Diarrhea During Pregnancy
Diarrhea and Other SymptomsDiarrhea is not an illness; it is a symptom -- similar to the way fever is a symptom. Depending on the cause of diarrhea, other symptoms may or may not occur with it. Other symptoms that may accompany diarrhea include:
- Abdominal cramping ("stomach ache")
- Abdominal pain (or stomach pain)
- Muscle aches
- General sense of tiredness.
In pregnant women, diarrhea typically lasts anywhere from 1 to 10 days, depending on the cause. It can range from mild to severe.
Does Diarrhea Affect the Baby?Most viruses and bacteria that cause diarrhea do not have any impact on the baby because they stay within the digestive tract. The biggest concern for pregnant women with diarrhea is the risk of severe dehydration, which can affect the baby.
Preventing DehydrationMost cases of diarrhea will improve on their own. Therefore, treatment goals in pregnant women with diarrhea are usually focused on providing supportive care. Supportive care refers to treating symptoms, such as dehydration, that can occur as a result of diarrhea. Preventing dehydration is especially important for pregnant women, because severe dehydration can affect the baby.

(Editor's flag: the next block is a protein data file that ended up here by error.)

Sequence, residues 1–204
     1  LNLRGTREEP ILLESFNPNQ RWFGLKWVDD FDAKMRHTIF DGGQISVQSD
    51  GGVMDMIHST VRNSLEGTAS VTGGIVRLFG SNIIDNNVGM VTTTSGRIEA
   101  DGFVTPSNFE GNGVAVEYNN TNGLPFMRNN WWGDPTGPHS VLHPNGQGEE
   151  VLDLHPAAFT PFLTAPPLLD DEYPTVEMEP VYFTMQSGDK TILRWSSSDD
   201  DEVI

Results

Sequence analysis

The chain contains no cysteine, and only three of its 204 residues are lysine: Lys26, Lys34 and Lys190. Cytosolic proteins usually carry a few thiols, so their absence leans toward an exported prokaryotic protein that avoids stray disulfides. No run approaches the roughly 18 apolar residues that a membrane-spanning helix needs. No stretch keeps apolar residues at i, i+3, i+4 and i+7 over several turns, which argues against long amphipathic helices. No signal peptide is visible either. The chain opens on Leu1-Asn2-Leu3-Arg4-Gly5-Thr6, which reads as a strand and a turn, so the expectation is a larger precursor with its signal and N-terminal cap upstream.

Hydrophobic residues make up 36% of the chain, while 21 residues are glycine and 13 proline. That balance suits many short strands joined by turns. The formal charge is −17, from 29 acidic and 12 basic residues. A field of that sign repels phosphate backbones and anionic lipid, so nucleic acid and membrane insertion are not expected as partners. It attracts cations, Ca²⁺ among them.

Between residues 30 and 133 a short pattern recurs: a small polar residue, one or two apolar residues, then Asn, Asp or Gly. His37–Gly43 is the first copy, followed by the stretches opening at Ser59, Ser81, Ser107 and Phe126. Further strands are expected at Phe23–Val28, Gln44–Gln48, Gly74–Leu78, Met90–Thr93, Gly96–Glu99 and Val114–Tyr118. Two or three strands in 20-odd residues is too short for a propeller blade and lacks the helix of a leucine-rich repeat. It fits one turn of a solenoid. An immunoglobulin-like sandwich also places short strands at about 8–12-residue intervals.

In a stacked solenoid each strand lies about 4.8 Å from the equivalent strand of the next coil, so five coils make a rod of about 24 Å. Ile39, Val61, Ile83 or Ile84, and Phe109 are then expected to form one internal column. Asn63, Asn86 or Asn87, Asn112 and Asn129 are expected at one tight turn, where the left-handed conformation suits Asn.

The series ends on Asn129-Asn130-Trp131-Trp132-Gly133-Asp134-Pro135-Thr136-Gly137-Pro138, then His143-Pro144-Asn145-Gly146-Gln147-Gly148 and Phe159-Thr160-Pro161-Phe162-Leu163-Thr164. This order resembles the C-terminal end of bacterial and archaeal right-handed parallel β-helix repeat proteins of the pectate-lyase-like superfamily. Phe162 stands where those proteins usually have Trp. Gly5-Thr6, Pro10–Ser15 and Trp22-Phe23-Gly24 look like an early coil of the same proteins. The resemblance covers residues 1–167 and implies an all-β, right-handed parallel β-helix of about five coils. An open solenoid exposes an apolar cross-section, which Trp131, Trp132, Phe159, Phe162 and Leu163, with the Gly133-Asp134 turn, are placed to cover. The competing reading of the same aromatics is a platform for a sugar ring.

Dehydration is the loss of fluids from the body. Important salts or minerals, known as electrolytes, can also be lost with the fluids. The symptoms of dehydration include:
- Excessive thirst
- Dry mouth
- Little or no urine (or dark yellow urine)
- Decreased tears
- Severe weakness or lethargy
- Dizziness or lightheadedness.
Suggestions for Dealing With Diarrhea During PregnancyAny pregnant woman who experiences diarrhea should talk to her healthcare provider. There are some suggestions he or she may recommend that can help a pregnant woman reduce symptoms as her body fights the infection. Such suggestions may include the following:
- Drink plenty of fluids. Fluids are the most effective treatment for preventing dehydration in pregnant women. By drinking fluids, such as oral rehydration fluids (ORF), juice, or water, pregnant women can reduce their chance of becoming dehydrated. Sports drinks do not replace the nutrients and minerals lost during this illness. Special fluids used for oral rehydration can be found in most pharmacies or grocery stores and can be purchased without a prescription.
- If diarrhea or vomiting is severe, you should visit your doctor. In severe cases (such as those requiring a visit to the emergency room or hospitalization) treatment may involve replacing body fluids directly through the veins using an intravenous (IV) line.
- Allow your gastrointestinal tract to settle by not eating for a few hours.
- Gradually reintroduce food, starting with bland, easy-to-digest food, like toast, broth, apples, bananas, and rice.
- Avoid dairy products and caffeine.
- Get plenty of rest.